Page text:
Thus, if China represents America’s greatest strategic threat, a strong relationship with Russia represents one of its greatest strategic imperatives. It’s time for the United States to downplay its discomfort with Russia’s authoritarian rule and widespread civic corruption. As troubling as Russia is, it hardly represents the kind of evil entity that Franklin Roosevelt and Winston Churchill snuggled up to during World War II. As a regional power, Russia has legitimate regional interests, and the United States should acknowledge those and incorporate them into its effort to establish a sound and mutually beneficial relationship with Russia—one that, if necessary, can be helpful in any future confrontation with China.

Avoid war with Iran: The United States currently is on a path to war with Iran, and it is a path that was blazed primarily by Israel, which has issued threats of a possible unilateral strike against Iran to stiffen America’s stance against the Islamic Republic. So far, Israeli Prime Minister Benjamin Netanyahu has managed to get Obama to foreclose any U.S. acceptance of an Iranian nuclear weapons capability (meaning no deterrence policy). That leaves open the question whether the United States should permit—and whether Iran would accept—low-level uranium enrichment for peaceful purposes only. Netanyahu is against such an approach, and it isn’t clear it could pave the way to a peaceful resolution of the issue in any event. But the current tough sanctions will not, in and of themselves, get the desired response from Iran if that response entails an Iranian humiliation. That’s why the peaceful-enrichment approach should guide U.S. thinking on the matter, even if that means an open rupture with Netanyahu. The American people would rally behind the president in such circumstances if the president levels with them about the stakes involved. U.S. leaders shouldn’t get sucked in to the kind of journalistic saber rattling that was visible on last week’s cover of The Weekly Standard, which showed a photo of Iran’s Supreme Leader, Ali Khamenei, under the headline: “The Most Dangerous Man in the World.” America’s most dangerous threat is thousands of miles from that man. And the United States should not seek a military confrontation with Iran, if it can be avoided, because such a conflict would pulverize the global economy and likely unleash far more instability into the region.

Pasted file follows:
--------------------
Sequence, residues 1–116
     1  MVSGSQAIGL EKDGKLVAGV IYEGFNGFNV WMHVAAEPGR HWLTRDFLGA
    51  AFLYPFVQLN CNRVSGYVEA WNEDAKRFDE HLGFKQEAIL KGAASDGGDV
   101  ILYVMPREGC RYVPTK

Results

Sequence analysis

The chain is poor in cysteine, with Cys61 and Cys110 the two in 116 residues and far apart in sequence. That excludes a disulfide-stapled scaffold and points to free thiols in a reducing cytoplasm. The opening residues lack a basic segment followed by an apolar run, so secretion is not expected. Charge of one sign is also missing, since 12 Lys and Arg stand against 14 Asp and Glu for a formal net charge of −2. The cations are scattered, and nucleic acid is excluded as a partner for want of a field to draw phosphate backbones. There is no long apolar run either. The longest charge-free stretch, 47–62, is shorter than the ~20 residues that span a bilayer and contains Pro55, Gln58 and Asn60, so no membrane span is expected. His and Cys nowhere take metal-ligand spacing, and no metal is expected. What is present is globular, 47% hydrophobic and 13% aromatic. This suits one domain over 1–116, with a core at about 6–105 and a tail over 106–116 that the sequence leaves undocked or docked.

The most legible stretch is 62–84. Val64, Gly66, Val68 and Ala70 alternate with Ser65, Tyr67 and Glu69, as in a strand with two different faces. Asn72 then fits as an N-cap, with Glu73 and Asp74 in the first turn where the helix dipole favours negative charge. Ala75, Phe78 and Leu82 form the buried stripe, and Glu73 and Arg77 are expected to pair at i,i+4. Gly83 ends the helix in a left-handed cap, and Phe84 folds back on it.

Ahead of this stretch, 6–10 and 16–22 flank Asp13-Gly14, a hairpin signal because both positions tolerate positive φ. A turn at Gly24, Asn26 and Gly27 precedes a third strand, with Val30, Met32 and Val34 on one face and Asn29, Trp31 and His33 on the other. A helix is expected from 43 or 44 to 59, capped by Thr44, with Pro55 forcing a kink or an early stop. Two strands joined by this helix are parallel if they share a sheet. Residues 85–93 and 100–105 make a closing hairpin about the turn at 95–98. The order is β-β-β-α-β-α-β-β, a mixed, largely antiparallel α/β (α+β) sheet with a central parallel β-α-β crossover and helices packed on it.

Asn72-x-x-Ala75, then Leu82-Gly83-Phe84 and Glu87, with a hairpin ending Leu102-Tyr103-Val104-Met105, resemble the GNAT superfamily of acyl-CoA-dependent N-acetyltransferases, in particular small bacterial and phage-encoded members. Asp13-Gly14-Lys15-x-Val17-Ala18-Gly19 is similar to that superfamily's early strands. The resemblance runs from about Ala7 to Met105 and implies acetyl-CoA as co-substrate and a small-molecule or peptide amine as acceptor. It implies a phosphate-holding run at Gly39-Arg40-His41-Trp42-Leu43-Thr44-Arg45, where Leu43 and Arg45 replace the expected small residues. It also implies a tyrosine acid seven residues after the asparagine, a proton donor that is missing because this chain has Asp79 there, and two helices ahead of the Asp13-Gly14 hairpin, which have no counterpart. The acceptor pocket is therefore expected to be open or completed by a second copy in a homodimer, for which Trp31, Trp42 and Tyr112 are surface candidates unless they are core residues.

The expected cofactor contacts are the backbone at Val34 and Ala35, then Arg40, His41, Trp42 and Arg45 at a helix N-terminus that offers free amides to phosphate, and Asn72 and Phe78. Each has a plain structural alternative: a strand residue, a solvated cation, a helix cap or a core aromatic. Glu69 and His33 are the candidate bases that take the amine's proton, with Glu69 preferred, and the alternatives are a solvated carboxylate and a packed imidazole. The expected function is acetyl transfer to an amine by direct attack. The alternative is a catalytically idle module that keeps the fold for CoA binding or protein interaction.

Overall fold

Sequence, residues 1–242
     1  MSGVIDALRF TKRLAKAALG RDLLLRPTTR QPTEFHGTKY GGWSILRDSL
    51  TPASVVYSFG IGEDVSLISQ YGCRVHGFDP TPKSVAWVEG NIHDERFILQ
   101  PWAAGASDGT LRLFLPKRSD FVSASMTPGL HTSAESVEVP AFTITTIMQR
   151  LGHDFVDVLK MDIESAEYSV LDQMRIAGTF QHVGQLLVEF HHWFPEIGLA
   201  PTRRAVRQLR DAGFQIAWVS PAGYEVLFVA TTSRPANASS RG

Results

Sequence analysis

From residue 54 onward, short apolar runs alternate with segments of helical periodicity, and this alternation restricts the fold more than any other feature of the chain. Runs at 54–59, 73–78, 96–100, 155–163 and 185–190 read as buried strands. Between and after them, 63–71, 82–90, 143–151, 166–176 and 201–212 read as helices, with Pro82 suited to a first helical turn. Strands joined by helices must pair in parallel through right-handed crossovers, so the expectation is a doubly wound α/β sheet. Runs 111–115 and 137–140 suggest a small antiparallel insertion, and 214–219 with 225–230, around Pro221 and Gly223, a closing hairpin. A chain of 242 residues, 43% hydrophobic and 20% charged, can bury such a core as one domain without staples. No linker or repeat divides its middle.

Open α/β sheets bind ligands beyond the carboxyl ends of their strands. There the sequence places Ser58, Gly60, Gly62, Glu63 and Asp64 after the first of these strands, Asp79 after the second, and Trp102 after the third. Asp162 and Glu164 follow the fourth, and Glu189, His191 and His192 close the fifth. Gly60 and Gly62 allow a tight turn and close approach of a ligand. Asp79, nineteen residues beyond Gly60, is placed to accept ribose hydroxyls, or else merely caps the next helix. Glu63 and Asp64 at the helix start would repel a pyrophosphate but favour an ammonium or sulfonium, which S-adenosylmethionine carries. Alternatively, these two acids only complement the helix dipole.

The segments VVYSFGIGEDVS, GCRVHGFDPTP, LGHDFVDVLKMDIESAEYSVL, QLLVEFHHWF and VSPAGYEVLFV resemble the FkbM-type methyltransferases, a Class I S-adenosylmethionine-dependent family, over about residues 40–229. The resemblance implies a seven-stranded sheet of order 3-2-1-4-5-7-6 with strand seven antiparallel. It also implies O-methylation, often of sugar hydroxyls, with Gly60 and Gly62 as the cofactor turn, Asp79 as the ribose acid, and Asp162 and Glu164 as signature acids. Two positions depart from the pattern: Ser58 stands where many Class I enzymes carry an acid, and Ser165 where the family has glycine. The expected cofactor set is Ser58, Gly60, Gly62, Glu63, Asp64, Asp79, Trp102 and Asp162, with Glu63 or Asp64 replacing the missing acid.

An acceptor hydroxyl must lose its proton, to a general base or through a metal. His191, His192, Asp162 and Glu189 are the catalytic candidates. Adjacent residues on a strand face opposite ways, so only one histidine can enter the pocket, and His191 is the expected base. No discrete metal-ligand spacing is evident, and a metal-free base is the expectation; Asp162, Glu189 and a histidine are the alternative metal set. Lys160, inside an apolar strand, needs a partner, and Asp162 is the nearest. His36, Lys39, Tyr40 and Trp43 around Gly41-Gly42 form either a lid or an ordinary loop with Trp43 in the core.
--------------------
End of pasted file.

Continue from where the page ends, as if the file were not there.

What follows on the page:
No more U.S. boots on the soil of Islam: The Middle East is in turmoil, and the entire region is in danger of being destabilized by the civil war in Syria. Events there could deal a heavy blow to the interests of the United States, the West and much of the rest of the industrialized world. Actual U.S. military action could prove necessary to stabilize the region, but the United States should do everything possible to avoid such a course. Another U.S. intervention in the region would prove highly incendiary. But sitting by and watching is not an appropriate policy either. The situation calls for deft, imaginative and stealthy efforts, always in conjunction with Islamic powers in the region, particularly Turkey, to avert the worst possible outcomes and keep the situation under wraps to the greatest extent possible. The pressures for U.S. involvement in Syria on humanitarian grounds should be resisted forcefully.

The need for economic growth: Obama has not been a successful president in the economic realm. Economic growth has been languid throughout most of his presidency. This needs to change abruptly. But addressing the growth problem without exacerbating the country’s ominous debt problem isn’t going to be easy. That’s why the next presidential term must be devoted assiduously to a comprehensive fiscal reform designed to address out-of-control federal spending while boosting economic activity and growth. Entitlement reform will have to be combined with a comprehensive tax reform that slashes tax rates while eliminating large numbers of tax preferences, including many that have been considered sacred cows for decades. Only by restoring its fiscal health can the country face major challenges of the kind that looms in Asia. But this will take presidential leadership in abundance, the kind of leadership that we have not seen for a long time.

As Webb’s Wall Street Journal article makes clear, Obama was wise in fashioning his “pivot” to Asia. But it isn’t enough merely to shift focus, dabble in Asian diplomacy and issue statements. As Webb writes, “The question is whether the China of 2012 truly wishes to resolve issues through acceptable international standards, and whether the America of 2012 has the will and the capacity to insist that this approach is the only path toward stability.”

Precisely how America meets this challenge remains an open question. It will take deft, imaginative, flexible and tough-minded diplomacy, mixed with resolve and a clear understanding of the stakes involved. But it also will take recognition that the United States must focus on priorities, must accept that it can’t do everything everywhere in the world, and must avoid distractions as it faces with a cold eye its most pressing tests. Among those tests, none seems more pressing these days than China.

Robert W. Merry is editor of The National Interest and the author of books on American history and foreign policy. His most recent book is Where They Stand: The American Presidents in the Eyes of Voters and Historians.